The hippocampus, deep within our brain, gathers and organises short term memories, laying down the synaptic pathways for long term memories. Every time we recall a memory we travel down that synaptic pathway and the more we do so, the stronger and more lasting the memory becomes. Memories have the capacity to shape attitudes and behaviour. Life experience does not just wash off us like dust in the rain. Rather, through the action of memory, experience is layered within us, shaping who we are.
Over these months we have shared the profound and challenging experience of living through a pandemic. For many, that experience has devastated their world. None of us remain untouched. What has your experience been? What will you remember of this time? What have you learned about yourself, your strengths and your vulnerabilities? What about your family, parish, community and nation? What have you learned about prayer, faith and your relationship with God? And what of the society we live in, locally and globally? What have you seen and heard, read about and thought about? What has challenged you, frightened you, given you hope?
On Pentecost Sunday our own bishop, Bishop Alan McGuckian, spoke of how many have begun to glimpse a new way for our lives, that the way it always was is never as good as the way God wants it to be into the future. Surely it is the case that the future will only be better if we remember, reflect and learn from our experience. That can seem like a daunting task whether for ourselves and our families or for a parish, diocese or community. Remembering may seem demanding, and easily set aside once we are busy about other things. But maybe the way forward has already been given to us.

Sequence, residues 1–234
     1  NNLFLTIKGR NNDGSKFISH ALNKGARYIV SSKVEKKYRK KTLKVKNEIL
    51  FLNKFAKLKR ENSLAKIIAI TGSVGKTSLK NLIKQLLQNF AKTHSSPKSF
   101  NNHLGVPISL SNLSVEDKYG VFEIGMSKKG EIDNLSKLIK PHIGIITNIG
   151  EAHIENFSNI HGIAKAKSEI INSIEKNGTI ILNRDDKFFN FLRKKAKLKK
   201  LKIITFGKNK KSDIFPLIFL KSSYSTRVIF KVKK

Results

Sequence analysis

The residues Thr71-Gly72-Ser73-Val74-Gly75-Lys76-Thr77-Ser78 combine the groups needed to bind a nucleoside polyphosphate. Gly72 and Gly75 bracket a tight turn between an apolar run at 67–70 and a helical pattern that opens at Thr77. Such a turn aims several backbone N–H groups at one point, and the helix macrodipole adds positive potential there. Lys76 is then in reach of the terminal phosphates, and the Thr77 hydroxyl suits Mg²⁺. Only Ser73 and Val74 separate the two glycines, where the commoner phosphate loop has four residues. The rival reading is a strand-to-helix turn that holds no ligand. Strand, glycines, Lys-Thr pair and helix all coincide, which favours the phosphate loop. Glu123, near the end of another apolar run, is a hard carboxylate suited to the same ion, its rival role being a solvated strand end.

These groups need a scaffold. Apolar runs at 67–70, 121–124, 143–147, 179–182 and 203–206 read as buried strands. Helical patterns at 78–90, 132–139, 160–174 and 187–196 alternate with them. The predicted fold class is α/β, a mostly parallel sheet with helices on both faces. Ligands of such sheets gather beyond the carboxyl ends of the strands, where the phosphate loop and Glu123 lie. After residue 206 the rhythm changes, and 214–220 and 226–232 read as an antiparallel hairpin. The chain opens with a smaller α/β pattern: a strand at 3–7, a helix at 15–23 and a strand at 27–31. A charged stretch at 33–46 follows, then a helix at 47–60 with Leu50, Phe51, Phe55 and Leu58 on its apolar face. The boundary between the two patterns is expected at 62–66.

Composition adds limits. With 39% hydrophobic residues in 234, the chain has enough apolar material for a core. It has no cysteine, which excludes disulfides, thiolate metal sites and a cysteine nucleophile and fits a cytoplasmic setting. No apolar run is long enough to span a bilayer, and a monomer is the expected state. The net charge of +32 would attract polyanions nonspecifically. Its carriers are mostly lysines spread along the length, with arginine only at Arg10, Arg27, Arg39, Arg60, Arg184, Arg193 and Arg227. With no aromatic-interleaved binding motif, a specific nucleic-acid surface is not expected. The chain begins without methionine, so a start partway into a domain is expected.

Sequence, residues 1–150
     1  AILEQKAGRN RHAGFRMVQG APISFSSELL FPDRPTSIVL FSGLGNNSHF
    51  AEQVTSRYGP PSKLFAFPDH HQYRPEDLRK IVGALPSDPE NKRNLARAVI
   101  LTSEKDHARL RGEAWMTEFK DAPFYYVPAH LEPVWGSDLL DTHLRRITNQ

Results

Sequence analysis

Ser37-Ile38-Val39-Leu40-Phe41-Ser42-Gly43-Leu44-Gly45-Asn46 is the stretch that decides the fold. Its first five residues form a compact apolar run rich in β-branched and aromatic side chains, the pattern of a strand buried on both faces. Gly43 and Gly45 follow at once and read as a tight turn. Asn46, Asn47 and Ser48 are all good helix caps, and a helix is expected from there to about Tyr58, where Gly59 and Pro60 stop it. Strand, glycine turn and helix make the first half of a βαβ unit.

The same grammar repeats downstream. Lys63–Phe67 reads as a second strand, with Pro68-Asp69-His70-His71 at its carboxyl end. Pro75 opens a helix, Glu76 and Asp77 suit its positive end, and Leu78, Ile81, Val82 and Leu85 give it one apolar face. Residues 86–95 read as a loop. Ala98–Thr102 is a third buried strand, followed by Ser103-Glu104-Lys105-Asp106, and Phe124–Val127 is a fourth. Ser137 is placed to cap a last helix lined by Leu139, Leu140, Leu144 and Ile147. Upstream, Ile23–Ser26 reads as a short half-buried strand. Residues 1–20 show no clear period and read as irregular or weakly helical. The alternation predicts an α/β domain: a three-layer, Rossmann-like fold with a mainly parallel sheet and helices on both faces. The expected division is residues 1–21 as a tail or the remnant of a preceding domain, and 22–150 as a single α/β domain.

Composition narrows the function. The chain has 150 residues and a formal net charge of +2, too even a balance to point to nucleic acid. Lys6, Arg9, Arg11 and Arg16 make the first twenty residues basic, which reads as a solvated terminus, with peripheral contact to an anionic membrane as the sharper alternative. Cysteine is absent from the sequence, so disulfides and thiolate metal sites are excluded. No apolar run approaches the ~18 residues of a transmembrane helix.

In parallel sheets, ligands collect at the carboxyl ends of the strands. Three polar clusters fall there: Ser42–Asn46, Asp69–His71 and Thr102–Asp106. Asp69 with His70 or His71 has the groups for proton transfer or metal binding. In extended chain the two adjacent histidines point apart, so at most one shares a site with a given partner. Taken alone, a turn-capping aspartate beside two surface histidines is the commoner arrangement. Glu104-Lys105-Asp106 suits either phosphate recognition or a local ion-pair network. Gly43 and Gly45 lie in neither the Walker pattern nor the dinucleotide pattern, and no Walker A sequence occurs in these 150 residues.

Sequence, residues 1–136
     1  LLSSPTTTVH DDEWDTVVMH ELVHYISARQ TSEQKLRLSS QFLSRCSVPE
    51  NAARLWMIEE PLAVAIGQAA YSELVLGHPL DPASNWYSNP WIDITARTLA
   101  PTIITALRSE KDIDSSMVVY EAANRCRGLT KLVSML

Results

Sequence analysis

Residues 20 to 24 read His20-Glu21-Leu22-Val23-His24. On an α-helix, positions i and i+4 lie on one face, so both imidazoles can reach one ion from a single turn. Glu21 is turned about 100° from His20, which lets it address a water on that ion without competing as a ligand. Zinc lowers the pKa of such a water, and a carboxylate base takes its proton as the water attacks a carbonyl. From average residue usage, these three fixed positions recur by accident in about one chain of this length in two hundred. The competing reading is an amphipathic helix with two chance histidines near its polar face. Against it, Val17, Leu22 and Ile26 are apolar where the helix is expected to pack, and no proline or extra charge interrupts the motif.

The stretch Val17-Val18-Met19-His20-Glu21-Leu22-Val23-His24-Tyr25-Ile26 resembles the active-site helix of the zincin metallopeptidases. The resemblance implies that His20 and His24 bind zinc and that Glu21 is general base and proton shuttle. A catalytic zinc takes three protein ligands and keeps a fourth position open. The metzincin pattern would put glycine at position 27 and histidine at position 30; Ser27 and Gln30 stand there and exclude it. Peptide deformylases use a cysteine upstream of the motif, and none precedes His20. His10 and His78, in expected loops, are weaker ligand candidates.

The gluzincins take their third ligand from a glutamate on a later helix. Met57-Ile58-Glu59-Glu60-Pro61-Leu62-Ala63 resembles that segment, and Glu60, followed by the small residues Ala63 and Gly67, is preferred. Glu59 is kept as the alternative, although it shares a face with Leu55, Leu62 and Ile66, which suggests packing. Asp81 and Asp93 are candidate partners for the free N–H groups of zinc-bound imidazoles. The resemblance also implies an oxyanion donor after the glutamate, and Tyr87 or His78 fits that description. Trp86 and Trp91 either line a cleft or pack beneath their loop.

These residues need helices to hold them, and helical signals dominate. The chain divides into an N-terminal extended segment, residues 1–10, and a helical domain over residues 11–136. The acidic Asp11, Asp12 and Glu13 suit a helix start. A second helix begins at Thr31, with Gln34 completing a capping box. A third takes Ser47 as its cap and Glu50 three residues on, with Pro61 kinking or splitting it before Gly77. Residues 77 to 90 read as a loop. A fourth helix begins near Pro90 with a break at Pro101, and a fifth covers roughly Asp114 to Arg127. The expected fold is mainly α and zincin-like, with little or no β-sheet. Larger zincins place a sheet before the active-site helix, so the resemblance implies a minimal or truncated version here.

Pope Francis recently invited us to engage in a year of reflection and action on Laudato Si’. This encyclical, published five years ago is about our relationship with God, with each other and with creation, which Pope Francis refers to in the title as Our Common Home. Urging us to build a future which is good for the earth and all her people Pope Francis invites us to learn about listening, accompaniment and sacrifice.
Our recent experience has taught us much about these and so it seems to me that remembering and reflecting in the light of Laudato Si’ could guide us into a new future. We have spent these months listening to reports of heartbreak and heroism. We have heard of the devastation caused by poverty and inequality layered on top of pandemic. We have listened to each other, stories of simple joys, loneliness, frustrations, new discoveries. What does our listening tell us for the future we want to build?
We have accompanied each other in a way that speaks of love, respect and solidarity. We may have struggled with frustrations at those who have seemed to disregard such things. It has demanded sacrifices – small ones and ones too enormous to fit into words. We have reassessed what is essential in life and learned something of simplicity. Remembering urges to consider what sort of future we want. Will we cast simplicity aside again?
Have you ever been more aware of birdsong? In remembering that, have we the potential to live more environmentally aware lives? Laudato Si’ urges us to listen to the cry of the earth and the cry of the poor, to stand with all those who are oppressed and discriminated against. Pope Francis invites us to solidarity – and these months have given us a real experience of that. In so many ways this encyclical echo and calls forth our experience of these past months.
There are resources available also. SaltandlightTV.org offers a wonderful Laudato Si’ based documentary series “Creation”. The Global Catholic Climate Movement offers resources and invites us to pray with a global community. Perhaps this Laudato Si’ Year announced by Pope Francis is just what we need to guide us forward. If we fail to remember nothing will change. The choice – and the future – is ours.